The G.R.O.W. Coaching Model in Leadership: Part Four

Pictured here is part of a way forwardOSU Extension educators helped plan urban agriculture zones in Cleveland, Ohio to allow expanded gardening and farming, thus helping address the overarching issue of food security in low-resource neighborhoods. Imagine one of your students, colleagues, or mentees asking for your help on their own project or idea’s way forward.

When standing at a fork in the road, how do you know which way to go?

As discussed in the prior three posts, the G.R.O.W. coaching model provides a simple four-part process that most anyone can deploy to help coach a person through any variety of issues.

Goal: What do you want to achieve?

Reality: What/where are you now?

Obstacles/Options: What is in your way? What are the options?

Way Forward: What are the next steps to move forward?

After the person you’re coaching understands their goals, reality, obstacles and options, they can more easily identify a way forward. The key here is to determine what the person you are coaching will commit to — and how can you help them get started.

Please remember, the way forward will likely include incremental steps. As noted previously, a winning football season doesn’t start at the Rose Bowl or with the national championship game. It starts back at the pre-season practices. The way forward for a winning season has to start with getting those practices right.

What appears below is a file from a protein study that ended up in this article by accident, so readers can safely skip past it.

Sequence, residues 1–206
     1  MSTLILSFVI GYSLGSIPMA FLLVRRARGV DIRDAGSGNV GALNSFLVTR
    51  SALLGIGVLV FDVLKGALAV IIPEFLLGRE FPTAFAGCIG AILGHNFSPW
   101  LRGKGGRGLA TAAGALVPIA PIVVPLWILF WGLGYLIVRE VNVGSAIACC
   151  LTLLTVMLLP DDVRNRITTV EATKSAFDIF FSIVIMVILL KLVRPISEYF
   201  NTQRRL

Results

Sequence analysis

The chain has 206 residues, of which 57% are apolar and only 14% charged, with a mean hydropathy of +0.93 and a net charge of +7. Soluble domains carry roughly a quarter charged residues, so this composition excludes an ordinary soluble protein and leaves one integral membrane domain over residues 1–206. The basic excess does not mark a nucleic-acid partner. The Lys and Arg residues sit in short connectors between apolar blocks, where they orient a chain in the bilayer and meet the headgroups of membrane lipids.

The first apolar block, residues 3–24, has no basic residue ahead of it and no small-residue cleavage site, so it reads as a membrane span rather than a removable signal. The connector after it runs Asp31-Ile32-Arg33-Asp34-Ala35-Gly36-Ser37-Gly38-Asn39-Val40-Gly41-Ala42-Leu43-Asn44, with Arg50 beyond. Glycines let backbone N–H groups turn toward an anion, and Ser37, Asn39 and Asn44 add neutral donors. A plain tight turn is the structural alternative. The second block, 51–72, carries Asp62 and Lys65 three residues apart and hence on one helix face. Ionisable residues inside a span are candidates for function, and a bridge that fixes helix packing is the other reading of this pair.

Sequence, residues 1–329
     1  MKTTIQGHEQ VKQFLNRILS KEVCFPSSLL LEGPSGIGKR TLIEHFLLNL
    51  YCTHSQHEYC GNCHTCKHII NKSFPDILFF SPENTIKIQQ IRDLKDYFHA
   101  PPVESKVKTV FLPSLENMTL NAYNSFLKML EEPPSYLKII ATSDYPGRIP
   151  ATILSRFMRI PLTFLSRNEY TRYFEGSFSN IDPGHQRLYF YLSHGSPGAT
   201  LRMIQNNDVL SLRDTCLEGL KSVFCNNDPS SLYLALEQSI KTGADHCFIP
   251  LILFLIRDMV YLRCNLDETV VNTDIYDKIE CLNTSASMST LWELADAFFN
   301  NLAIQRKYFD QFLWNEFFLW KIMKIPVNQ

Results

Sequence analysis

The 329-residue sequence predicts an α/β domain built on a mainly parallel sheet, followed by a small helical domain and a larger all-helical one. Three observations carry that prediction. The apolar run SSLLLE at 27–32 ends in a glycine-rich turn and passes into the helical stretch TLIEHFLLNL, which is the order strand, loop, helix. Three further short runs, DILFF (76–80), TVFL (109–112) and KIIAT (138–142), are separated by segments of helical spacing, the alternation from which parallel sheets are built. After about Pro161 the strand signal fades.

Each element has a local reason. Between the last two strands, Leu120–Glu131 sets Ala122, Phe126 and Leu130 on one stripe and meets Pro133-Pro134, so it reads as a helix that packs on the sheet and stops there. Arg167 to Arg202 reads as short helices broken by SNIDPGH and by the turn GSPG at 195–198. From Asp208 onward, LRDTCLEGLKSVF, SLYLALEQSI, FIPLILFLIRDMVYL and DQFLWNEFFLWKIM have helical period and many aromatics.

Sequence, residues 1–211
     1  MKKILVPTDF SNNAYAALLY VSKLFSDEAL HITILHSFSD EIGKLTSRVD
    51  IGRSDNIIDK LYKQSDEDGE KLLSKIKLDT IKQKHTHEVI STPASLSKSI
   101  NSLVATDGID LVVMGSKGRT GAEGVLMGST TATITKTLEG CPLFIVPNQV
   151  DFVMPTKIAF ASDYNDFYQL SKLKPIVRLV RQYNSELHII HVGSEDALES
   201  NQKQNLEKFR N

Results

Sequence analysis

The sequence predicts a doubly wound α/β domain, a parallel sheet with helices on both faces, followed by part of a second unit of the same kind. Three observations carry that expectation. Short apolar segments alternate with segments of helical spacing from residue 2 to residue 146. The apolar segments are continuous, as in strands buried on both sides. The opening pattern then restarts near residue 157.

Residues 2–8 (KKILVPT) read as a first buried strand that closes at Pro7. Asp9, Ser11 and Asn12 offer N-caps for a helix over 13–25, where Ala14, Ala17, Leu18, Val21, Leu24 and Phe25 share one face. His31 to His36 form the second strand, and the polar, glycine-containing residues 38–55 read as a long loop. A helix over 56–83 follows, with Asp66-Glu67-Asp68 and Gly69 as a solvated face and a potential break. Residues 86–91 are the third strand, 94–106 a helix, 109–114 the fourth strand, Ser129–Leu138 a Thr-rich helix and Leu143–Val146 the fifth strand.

The bottom line is to always remember coaching is all about the person being coached. It’s very easy to get caught up in thinking about the goal, reality, obstacles, options and a way forward, thus allowing or prompting yourself to take over making those decisions. Don’t do it. As a coach, remember to keep the focus on the other person. Keep asking questions to stimulate their thinking.

Your job is to provide insights. The results will come from there. When done correctly, you can truly help the person or people you’re coaching begin to GROW.

Note: As you’re encouraging a way forward, challenge the person you’re coaching to think about (and perhaps discover for the first time) their “personal mission.” That can be a powerful tool that provides clarity and focus. Watch for a future blog post on that subject.

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Here at Lead Read Today, we endeavor to take an objective (rational, scientific) approach to analyzing leaders and leadership. All opinion pieces will be reviewed for appropriateness, and the opinions shared are solely of the author and not representative of The Ohio State University or any of its affiliates.